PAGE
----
The main thing in the Law, the heart of the Law, is, of course, the well-known Ten Commandments. The first commandment forbids the worship of what is not divine or putting anything in front of God – if anybody breaks any of the other commandments of the Law they are breaking this one by putting their own will in front of God’s so the Christian practice of quoting this law as valid and then denying the rest of the Law of Moses is not on because the commandment simply means that God is to be worshipped and served and nobody else and how is God to be served? By observance of the Law obviously. Worship is no good without actions to back it up. The second says that we must not take God’s name in vain, meaning we are not to swear by God that what we know to be false is true or to speak of God without respect. The third says that the Sabbath day (Saturday) must be kept holy. The fourth says we must honour our parents. The fifth says that we must not kill. The Law commands killing people and animals so this means murder rather than killing. The sixth then says we must not commit adultery – it should have said fornication which would outlaw adultery by implication better than adultery would outlaw fornication by implication and this error shows that the story of the Ten Commandments being written by the finger of God on tablets of stone is a yarn and only that. The seventh bans stealing. The eighth disallows telling lies about others. The ninth says we must not wish we could have the spouses of others and begrudge them to their partners. The tenth says that we must not covet our neighbour’s goods. Covet means wanting something that another has and hoping he will lose it so that you can have it. Protestants argue that the ninth and the tenth commandments are the one command for they ban coveting. They say that the real first commandment is what I have given and that the second is what Catholics consider a part of that command: the ban on making images to worship God with. They have Ten Commandments and they are certainly right. The Catholics must have suppressed the second commandment because they indulge in idolatry.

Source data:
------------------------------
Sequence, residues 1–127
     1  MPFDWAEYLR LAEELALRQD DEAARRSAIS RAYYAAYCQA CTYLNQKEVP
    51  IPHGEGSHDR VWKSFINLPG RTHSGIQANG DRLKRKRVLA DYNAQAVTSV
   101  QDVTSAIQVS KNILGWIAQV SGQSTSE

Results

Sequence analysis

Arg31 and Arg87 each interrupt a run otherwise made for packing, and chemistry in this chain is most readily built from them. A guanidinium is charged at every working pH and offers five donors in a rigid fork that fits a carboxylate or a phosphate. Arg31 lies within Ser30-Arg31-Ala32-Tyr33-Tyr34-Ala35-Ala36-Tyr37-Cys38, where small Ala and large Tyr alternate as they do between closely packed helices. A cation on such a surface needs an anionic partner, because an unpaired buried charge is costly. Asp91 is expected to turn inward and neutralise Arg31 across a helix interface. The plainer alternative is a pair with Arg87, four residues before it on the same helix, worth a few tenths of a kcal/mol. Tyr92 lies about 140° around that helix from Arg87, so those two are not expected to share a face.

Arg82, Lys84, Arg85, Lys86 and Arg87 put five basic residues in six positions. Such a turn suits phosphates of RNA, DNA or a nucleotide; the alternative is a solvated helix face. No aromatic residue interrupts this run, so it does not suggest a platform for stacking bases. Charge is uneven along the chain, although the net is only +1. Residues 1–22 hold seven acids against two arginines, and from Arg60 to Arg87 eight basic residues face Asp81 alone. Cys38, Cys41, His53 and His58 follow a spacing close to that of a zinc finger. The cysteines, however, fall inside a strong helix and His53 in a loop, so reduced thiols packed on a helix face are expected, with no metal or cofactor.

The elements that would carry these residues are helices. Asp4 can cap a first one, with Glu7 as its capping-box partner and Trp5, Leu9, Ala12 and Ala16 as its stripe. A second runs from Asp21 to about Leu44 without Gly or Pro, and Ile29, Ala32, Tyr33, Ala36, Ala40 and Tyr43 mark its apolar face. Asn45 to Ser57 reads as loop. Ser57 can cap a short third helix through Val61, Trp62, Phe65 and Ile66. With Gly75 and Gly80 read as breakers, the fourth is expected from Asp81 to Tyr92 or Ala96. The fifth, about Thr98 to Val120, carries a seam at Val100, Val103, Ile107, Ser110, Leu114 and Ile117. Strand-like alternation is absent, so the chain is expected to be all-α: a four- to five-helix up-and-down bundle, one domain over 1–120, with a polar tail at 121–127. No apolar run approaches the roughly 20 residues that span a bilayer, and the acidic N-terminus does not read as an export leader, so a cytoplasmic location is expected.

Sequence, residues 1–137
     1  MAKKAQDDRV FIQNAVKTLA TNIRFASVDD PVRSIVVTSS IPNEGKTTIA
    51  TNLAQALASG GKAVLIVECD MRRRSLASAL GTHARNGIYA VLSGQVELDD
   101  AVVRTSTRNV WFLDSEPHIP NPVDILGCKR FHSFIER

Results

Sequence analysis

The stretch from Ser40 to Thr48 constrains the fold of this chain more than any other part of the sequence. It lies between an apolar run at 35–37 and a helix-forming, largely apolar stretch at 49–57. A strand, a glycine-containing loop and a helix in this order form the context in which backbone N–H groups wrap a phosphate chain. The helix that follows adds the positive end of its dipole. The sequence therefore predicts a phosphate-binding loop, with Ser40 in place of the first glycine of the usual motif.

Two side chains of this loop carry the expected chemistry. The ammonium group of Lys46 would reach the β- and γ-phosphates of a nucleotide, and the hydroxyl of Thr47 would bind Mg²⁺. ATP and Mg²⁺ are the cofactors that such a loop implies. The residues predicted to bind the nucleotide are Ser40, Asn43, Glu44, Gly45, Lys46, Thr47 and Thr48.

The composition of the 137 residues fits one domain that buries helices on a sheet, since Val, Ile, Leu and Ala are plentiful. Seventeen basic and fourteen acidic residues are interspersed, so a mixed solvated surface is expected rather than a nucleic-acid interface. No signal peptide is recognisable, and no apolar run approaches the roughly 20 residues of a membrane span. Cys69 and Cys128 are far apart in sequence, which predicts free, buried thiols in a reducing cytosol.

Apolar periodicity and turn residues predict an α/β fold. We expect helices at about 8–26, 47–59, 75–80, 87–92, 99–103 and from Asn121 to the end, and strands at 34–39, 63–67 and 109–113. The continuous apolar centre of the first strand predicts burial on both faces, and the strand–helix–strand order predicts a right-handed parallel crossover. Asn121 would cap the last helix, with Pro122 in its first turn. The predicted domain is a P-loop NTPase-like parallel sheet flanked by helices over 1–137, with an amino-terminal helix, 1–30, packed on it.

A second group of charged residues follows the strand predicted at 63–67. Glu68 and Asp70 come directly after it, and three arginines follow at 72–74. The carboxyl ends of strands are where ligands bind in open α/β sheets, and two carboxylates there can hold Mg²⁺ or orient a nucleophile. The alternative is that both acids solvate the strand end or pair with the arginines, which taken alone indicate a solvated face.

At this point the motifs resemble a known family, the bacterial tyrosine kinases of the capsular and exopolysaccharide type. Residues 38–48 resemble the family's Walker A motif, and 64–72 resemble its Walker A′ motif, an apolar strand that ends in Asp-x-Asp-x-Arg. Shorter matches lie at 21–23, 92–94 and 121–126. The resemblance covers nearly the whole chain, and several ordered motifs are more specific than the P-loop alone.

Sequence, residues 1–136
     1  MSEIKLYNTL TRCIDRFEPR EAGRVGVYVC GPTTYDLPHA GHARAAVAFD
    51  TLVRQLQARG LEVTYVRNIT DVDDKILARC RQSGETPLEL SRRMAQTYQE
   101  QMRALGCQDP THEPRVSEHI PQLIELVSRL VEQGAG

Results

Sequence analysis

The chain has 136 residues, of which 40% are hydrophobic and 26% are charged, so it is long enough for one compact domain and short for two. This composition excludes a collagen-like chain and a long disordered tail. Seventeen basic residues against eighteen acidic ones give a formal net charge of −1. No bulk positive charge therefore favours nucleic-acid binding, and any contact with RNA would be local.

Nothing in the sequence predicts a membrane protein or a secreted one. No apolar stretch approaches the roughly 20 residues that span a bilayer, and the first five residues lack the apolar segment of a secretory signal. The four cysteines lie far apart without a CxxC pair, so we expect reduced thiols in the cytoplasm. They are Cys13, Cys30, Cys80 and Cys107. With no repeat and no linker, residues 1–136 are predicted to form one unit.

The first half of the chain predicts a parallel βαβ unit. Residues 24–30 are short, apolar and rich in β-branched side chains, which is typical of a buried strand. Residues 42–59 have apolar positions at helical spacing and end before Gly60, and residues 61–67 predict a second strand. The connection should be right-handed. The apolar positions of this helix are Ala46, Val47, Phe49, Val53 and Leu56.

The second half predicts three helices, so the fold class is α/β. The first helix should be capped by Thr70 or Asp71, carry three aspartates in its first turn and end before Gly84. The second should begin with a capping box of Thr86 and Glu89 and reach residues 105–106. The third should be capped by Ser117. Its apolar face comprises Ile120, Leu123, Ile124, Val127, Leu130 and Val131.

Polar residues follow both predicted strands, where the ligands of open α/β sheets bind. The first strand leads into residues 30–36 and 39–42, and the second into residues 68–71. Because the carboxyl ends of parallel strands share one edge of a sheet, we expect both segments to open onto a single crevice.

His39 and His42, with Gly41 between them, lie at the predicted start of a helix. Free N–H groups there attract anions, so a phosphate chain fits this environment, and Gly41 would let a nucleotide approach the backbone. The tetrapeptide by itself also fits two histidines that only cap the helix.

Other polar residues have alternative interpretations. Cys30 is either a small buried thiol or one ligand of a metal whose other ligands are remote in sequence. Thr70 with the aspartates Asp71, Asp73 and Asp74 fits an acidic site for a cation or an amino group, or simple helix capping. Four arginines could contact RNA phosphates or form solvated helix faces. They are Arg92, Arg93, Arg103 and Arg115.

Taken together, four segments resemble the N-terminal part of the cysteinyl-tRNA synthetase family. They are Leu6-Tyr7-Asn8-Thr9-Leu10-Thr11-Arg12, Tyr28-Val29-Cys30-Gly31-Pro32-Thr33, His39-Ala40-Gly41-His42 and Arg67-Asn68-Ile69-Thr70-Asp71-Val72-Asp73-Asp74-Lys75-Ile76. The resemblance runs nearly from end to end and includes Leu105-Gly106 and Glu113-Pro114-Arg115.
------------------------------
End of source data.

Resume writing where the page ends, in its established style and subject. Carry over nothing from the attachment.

Jesus adored the Law. He spoke of Moses as being an inspired prophet of God, a man who God spoke to the people through. He claimed to be the Prophet Moses predicted in Deuteronomy 18 so he believed in its authority and divine origin and it said that God’s prophets are protected against erring when God speaks through them. Moses was totally infallible where Jesus was concerned. We are told that Jesus abolished the Law but we will learn that he did not. He was indeed another Moses as portrayed in the Gospel of Matthew.

Jesus came to teach people how to use the Law (page 8, Not Under Law).

Jesus staked all his authority on the Jewish Bible which included the Law of Moses. He said it was a preparation for him and predicted him. It was his CV. From this it follows that the Old Testament is superior to the New. For Jesus to abolish any part of it would be like burning the information necessary for a major deal just before the deal would be finalised.

Jesus said that he came not to abolish the law or the prophets but to fulfil them. He said not a line would pass away from them. They are scriptures invested with divine authority. Even those who contradict the verse and say Jesus did change the law, must agree that even if he did he was saying that the law is to be honoured by being fulfilled and accepted as being correct. He was still praising it despite all the murders it commanded and that were committed in its name.

When the Old Testament says that we must follow God and not man it is indicating that if you use your head you will see that a true prophet really is speaking for God so that when you follow that prophet you are not following just a man but a man who is in touch with God. If a prophet gives out strange or dangerous commands from God then to follow him is to follow a man and not God. The Old Testament is stating then that any reasonable person would agree that the law of the land should make provisions for adulterers and homosexuals and idolatrous apostates to be stoned to death. This is why people saying the civil law that God gave is not as unchangeable as the moral law is incomprehensible to me. It’s wishful thinking. When the Old Testament God indicates that his law is sensible and gives no reasons for his murderous laws it is clear that he feels that anybody that disagrees with them is stupid and therefore opposing morality.  If Jesus changed any of his regulations then Jesus was undoubtedly a false prophet.

So we conclude the whole Law of Moses is a moral law in the sense that God's will must be always obeyed but it is clearly immoral and evil. Real evil mixes bad and good.  It is not a cartoon evil.  Jesus was a false prophet and an evil person.